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Recession fears grow as UK economy contracts in Q3

UK gross domestic product contracted by 0.1% in the third quarter, after expanding 0.2% in Q2 and against estimation that the economy was unchanged from the previous three months.

Data suggest that Britain’s economy might be in a recession, as it shrank  during July-September period.

However, there were some more positive signs about the economy, as UK retail sales rose well above expectations in November, increasing by 1.3% from October, after 0.3% drop previous month, driven mainly by discount sales during the Black Friday promotions.

Britain’s Finance minister Hunt said that there’s a reasonable chance to bring down inflation, if the economy stays in the current course and that the BoE might decide to start cutting interest rates, opposing the central bank’s stance that it is still premature to talk about easing monetary policy.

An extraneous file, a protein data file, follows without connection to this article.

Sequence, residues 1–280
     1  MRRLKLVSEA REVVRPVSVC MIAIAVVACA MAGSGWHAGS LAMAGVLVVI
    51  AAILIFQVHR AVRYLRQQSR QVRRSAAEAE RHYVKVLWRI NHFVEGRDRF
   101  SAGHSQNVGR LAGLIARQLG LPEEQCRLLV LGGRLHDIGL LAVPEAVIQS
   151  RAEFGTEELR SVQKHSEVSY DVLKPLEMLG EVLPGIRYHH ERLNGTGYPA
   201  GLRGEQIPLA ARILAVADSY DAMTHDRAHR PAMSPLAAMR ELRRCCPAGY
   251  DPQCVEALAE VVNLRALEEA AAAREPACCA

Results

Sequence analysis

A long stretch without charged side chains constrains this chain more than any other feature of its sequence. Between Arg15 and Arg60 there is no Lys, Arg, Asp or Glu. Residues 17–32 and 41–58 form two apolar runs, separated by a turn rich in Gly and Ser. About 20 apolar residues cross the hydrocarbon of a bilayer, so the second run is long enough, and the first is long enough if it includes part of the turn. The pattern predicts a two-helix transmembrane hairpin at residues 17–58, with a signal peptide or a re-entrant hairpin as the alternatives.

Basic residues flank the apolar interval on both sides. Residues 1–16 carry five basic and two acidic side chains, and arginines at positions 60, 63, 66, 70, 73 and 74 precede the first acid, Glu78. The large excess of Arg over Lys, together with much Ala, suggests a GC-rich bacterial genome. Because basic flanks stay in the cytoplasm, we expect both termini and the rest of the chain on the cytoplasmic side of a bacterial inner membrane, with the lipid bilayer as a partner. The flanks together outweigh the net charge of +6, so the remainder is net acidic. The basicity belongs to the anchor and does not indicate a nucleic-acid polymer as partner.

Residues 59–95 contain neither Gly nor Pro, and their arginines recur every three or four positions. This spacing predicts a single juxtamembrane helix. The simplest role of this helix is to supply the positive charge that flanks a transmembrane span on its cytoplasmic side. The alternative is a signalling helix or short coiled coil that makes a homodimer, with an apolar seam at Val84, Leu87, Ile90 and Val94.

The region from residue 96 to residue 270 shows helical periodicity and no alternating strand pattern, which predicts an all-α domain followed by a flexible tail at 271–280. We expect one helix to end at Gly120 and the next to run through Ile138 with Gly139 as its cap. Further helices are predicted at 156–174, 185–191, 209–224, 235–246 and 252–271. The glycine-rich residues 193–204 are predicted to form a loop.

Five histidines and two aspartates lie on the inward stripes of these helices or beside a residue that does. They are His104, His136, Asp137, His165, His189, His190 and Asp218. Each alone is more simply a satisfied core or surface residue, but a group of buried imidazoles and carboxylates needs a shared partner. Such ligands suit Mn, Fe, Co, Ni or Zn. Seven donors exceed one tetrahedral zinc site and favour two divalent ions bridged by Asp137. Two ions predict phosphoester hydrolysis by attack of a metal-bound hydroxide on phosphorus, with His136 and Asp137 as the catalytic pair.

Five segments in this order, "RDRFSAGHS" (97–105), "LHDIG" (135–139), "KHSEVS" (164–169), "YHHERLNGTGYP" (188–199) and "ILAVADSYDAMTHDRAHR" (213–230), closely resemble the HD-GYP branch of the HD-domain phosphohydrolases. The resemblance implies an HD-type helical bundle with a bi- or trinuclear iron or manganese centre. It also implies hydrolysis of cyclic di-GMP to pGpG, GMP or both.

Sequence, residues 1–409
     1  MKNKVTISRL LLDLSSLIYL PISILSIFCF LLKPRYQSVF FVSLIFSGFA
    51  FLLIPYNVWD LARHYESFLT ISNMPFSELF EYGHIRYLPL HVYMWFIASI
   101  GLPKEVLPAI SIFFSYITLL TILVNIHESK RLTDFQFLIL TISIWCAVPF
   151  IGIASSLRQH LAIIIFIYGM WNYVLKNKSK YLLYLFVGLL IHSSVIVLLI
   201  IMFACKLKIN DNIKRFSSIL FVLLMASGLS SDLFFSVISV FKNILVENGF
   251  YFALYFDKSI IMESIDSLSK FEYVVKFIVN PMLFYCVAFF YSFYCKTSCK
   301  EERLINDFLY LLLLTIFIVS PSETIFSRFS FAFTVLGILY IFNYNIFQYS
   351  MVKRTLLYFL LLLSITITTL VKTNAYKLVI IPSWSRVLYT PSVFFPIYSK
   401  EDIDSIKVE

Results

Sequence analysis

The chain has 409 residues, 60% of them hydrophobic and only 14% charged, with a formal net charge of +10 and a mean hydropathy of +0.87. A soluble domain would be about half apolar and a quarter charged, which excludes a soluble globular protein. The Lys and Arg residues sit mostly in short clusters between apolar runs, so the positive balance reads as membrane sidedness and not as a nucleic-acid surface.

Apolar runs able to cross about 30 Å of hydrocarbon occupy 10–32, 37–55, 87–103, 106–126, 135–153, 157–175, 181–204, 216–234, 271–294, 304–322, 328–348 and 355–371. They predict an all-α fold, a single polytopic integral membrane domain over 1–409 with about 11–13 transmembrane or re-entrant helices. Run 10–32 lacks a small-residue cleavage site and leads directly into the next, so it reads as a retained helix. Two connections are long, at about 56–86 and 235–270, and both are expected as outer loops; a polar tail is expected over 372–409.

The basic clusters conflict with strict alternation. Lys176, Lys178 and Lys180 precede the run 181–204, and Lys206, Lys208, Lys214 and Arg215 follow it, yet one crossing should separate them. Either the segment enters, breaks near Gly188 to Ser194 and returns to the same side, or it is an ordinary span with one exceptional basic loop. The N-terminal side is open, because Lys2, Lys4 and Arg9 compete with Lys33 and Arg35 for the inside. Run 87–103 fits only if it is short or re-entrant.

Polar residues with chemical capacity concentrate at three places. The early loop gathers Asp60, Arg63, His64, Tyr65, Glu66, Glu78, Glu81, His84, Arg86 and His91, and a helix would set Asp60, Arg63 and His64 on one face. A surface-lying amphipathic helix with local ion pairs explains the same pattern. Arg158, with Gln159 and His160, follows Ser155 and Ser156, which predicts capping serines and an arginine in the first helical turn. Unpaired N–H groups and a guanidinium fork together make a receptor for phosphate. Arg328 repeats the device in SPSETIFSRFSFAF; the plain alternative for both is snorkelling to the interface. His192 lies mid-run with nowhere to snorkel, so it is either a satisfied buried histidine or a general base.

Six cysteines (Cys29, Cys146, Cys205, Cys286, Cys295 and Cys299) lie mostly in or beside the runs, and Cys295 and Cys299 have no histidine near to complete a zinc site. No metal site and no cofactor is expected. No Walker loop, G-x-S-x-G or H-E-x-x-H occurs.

Hunt added that the outlook for the economy was not as bad as Friday’s data suggested, contributing to the view that broader picture for the economy was little changed in past year.

It is still unclear whether the third-quarter contraction in the economy would prove to be the start of a recession, as Britain’s economy was now estimated to be 1.4% bigger than immediately before 2020 pandemic, with some economists pointing to a mild recession, though remain concerned about the performance in the last three months of 2023, as more of the hit from high borrowing cost was still to be shown.

However, slight optimism persists and is based on expectations that inflation will continue to ease in 2024 and give more room for stronger economic growth.